I've been in the mood to write haiku here in New Mexico, a land of contrasts and, for me, introspection. Here is the one I wrote for the White Place:

the White Place
a monk in saffron robes
raises an ipad

I am teaching a workshop in digital photography at Ghost Ranch and I took my class to the White Place for a photo shoot. As our group gathered back at the parking area after a couple hours of shooting, I saw this monk walk slowly up to the mound with the “Plaza Blanca” sign on it overlooking the site. As I watched he slowly drew an ipad out of his robes and began to raise it with both hands. Knowing the capabilities of an ipad it was obvious that he was about to shoot a photograph. However, it reminded me of a priest raising a host, or a supplicant seeking absolution, or simple praise; something sacred and holy, as befits both the symbolism of his robes and the grandeur of the site. 

The well-known form of Haiku originated in Japan and is a very short, traditionally three-line, poem. In current practice the form is flexible. The essential quality of haiku is usually a small epiphany based on the observation of two contrasting images. I was inspired by the juxtaposition of the monk’s traditional garb with the latest technology—even if upon second thought, it ought to be considered perfectly normal in today’s polyglot society.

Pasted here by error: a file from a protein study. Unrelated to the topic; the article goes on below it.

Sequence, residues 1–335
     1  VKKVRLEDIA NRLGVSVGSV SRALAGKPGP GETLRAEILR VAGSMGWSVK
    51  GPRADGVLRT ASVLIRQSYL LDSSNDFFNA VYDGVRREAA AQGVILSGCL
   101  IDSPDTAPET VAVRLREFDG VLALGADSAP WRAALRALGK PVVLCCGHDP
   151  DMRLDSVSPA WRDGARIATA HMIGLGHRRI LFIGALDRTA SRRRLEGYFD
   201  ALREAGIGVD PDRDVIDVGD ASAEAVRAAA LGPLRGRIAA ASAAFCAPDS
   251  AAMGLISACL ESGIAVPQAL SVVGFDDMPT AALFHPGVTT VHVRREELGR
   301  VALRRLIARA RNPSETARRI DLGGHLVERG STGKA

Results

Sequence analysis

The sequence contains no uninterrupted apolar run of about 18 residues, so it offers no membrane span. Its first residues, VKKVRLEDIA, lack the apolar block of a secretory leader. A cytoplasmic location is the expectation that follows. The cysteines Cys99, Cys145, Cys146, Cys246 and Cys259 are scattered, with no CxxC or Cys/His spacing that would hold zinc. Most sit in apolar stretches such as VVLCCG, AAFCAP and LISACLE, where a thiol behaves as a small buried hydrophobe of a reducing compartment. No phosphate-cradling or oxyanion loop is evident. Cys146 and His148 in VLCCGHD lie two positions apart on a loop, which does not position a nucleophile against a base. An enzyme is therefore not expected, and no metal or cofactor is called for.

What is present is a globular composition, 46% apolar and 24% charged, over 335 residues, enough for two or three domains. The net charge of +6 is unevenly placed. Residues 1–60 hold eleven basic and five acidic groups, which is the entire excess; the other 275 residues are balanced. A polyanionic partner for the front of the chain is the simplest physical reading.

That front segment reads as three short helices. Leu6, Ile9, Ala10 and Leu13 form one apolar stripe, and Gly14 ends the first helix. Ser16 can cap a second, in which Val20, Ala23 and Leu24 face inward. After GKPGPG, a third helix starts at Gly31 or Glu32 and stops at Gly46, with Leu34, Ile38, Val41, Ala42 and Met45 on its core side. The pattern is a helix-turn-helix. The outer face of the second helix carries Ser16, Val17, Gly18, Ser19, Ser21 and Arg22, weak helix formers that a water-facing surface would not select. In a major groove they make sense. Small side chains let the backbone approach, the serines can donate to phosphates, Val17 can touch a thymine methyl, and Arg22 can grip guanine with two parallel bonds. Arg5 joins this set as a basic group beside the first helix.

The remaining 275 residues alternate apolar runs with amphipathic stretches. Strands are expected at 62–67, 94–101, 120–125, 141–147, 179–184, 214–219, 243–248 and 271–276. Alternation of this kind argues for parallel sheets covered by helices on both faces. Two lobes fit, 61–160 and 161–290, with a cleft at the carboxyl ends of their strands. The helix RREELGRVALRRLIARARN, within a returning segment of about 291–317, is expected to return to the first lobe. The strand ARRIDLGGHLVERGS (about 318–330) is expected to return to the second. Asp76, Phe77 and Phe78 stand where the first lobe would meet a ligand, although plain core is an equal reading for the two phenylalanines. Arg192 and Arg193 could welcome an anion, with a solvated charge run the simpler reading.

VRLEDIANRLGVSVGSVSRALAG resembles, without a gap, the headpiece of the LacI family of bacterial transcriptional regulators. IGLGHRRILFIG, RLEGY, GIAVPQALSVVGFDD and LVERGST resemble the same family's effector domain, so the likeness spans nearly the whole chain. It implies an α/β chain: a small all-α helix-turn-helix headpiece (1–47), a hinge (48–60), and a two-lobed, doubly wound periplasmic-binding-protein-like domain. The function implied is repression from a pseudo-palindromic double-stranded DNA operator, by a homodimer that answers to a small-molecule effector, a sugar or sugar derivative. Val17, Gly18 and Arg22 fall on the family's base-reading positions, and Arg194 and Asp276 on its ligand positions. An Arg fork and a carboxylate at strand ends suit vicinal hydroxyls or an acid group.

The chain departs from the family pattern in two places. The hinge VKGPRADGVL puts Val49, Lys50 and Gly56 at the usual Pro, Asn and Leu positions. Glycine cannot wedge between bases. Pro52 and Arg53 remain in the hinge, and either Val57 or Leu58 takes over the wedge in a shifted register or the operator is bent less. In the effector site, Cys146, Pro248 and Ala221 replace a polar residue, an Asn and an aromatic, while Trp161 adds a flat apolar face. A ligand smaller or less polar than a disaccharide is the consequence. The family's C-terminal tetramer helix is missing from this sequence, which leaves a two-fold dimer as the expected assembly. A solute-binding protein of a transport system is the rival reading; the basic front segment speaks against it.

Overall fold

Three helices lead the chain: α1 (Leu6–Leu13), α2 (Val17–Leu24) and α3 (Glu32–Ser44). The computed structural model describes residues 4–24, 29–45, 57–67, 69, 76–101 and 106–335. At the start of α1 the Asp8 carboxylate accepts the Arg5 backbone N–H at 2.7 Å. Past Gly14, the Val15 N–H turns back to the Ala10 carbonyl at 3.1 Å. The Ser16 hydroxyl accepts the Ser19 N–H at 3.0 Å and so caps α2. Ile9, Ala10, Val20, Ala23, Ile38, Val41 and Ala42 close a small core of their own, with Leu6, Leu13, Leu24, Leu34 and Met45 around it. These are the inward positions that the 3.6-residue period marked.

I had put my camera in my bag when I saw the monk raise the ipad. I would have liked to catch a shot of him raising it. Alas, that was not to be. I did introduce myself and ask if I could make a photo of him, a request to which he acceded with humility. He said his name but it was so multi-syllabic and foreign to my ears that mind unfortunately would not grasp onto it.